What is the Institutional Review Board?
Misericordia University (MU) established an Institutional Review Board (IRB) to review all research involving human subjects and to implement institutional policies and procedures regarding such research. The use of human subjects in research imposes both ethical and legal responsibilities upon the university, the IRB and those conducting the research to ensure that the rights and welfare of those subjects are adequately protected. The primary function of the IRB is to protect the rights of human subjects. Review and approval by the IRB is meant to aid both the subjects and the researchers by bring scrutiny to research protocols by a group of peers who can objectively assess the potential risk and accommodations made to minimize them. The IRB function to support community researchers.
What are the IRB's major responsibilities?
The IRB’s major responsibly is to assure that the rights of individuals involved in research are protected. The IRB is guided by three ethical principles: respect for persons, beneficence, and justice. These three principals are found in the Belmont Report. A copy of the Belmont Report can be found here. Additionally, the Nuremburg Code and Declaration of Helsinki specifically emphasize that a study is designed so that risks to subjects are minimized and potential benefits justify potential risks giving the IRB an obligation to review study design and scientific quality.1
How does an investigator assure that the rights of individuals in his/her study are protected?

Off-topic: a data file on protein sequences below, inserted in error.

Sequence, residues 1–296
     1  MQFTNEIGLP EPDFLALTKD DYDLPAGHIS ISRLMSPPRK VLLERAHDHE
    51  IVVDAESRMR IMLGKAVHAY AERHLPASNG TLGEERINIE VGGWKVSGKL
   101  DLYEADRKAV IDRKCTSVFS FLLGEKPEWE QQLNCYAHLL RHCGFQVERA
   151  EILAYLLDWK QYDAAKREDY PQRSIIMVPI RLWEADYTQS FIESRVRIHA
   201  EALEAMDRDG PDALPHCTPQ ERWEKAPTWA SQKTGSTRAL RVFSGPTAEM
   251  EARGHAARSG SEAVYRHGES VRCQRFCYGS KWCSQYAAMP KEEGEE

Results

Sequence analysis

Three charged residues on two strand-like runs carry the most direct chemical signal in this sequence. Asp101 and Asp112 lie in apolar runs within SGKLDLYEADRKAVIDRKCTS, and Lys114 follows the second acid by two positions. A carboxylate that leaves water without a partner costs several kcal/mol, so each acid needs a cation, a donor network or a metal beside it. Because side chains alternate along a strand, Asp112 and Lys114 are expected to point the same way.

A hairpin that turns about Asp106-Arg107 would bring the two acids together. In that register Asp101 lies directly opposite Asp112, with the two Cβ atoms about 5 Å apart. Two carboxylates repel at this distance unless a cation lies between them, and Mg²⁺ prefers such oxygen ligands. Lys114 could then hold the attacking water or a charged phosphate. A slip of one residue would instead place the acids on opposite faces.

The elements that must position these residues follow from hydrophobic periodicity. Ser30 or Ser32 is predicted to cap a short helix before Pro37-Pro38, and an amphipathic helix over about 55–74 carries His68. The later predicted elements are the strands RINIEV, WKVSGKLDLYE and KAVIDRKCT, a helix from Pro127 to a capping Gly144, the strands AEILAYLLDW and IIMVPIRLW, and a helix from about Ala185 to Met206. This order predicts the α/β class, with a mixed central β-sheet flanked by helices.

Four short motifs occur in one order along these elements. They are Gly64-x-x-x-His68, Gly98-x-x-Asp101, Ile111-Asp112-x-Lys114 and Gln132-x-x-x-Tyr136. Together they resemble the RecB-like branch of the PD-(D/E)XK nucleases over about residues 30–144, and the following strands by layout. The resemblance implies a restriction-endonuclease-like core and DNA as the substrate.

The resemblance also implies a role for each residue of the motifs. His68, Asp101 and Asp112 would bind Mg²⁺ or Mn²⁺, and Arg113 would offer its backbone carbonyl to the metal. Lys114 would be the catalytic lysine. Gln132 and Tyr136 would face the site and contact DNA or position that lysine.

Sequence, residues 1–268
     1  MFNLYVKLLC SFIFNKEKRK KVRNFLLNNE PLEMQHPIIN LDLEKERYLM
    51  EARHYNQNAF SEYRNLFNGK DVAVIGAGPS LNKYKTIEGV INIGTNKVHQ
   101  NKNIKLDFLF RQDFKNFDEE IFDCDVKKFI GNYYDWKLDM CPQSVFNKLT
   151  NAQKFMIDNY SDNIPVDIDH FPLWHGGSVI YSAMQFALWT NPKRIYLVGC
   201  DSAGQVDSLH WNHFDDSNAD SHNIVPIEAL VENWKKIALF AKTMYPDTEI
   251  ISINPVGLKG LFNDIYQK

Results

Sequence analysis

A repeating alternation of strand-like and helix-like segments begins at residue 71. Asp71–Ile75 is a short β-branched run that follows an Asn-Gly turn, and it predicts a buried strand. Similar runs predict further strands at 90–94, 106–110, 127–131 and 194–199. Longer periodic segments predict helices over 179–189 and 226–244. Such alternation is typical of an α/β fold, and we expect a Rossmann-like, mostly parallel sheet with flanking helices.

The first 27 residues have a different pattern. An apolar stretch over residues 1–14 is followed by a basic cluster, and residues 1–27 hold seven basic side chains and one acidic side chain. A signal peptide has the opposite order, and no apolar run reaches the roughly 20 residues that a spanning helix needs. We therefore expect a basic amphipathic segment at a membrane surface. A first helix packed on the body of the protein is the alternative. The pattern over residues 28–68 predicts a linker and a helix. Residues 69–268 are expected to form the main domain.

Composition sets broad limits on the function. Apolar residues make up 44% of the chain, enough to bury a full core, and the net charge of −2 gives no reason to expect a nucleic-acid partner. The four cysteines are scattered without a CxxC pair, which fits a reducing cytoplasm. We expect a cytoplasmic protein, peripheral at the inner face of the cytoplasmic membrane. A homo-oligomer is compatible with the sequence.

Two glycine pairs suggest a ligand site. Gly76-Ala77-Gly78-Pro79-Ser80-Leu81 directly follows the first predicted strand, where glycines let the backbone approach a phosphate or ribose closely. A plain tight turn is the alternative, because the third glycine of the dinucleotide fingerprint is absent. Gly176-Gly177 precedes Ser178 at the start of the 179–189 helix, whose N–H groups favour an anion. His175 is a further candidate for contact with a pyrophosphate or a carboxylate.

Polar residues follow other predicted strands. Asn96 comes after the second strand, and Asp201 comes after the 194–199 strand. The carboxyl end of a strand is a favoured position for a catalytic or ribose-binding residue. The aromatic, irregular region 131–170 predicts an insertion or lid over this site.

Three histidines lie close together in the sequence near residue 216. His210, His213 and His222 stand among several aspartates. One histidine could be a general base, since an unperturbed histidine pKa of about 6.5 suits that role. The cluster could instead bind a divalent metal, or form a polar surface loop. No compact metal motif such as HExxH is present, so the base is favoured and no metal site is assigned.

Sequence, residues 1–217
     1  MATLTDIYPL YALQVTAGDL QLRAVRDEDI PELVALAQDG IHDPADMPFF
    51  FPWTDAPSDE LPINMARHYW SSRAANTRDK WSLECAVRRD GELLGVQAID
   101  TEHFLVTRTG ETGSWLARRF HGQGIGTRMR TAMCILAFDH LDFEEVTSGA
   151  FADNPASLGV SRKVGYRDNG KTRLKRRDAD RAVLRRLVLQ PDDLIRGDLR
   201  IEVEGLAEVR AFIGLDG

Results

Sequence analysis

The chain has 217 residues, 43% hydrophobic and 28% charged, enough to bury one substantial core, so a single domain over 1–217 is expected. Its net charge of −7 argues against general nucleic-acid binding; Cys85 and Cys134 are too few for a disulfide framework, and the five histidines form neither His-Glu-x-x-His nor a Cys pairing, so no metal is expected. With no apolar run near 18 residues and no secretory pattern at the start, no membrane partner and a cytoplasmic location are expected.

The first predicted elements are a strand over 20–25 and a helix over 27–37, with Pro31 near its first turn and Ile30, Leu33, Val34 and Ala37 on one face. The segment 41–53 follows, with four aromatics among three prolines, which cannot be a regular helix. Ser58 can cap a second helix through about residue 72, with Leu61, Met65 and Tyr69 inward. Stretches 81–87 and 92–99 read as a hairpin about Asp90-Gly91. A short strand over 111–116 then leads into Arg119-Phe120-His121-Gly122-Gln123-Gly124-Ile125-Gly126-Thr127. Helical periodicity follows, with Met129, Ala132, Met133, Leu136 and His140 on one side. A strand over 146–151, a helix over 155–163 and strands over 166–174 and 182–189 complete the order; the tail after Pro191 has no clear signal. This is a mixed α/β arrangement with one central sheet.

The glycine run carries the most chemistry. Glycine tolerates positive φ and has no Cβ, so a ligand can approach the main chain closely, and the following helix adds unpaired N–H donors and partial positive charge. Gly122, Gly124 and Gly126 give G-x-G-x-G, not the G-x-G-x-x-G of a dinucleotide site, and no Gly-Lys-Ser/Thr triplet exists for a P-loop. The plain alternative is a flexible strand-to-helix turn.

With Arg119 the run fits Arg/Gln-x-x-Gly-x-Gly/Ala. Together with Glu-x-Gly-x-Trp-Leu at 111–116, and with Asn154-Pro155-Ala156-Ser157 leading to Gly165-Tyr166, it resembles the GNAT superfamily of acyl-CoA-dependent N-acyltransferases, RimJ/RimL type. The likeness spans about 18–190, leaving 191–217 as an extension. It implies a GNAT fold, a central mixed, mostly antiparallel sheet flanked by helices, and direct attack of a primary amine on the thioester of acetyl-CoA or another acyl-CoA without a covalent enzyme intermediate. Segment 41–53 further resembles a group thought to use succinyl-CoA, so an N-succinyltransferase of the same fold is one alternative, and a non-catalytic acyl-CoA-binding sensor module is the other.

Investigators should do all that they can to achieve the ethical principles outlined in the Belmont Report. Generally, investigators are to protect the subjects from harm by identifying and minimizing the risks involved in the research; assuring that subjects participation is voluntary; be certain that research subjects are properly informed of what their participation will entail – this is usually conveyed in an informed consent document; selecting subjects fairly – selection should be based on fair procedures so that one group is not overburdened, overused or unfairly favored or discriminated against; and assuring that subjects identities and responses to research procedures are protected.
When is IRB approval needed?
All research involving the use of human subjects conducted by Misericordia University’s faculty, staff or students or sponsored by the university must be reviewed and approved prior to the start of the research. Once initiated, the research must be conducted in full compliance with IRB policies and procedures.